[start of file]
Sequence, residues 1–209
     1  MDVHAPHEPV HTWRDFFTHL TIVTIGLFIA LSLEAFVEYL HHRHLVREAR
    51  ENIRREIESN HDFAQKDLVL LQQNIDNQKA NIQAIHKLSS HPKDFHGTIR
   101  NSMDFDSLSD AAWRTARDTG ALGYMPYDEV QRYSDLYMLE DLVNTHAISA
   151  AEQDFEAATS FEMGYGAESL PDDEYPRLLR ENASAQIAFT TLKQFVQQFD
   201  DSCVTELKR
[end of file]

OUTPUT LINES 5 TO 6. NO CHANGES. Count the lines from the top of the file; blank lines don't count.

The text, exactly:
   151  AEQDFEAATS FEMGYGAESL PDDEYPRLLR ENASAQIAFT TLKQFVQQFD
   201  DSCVTELKR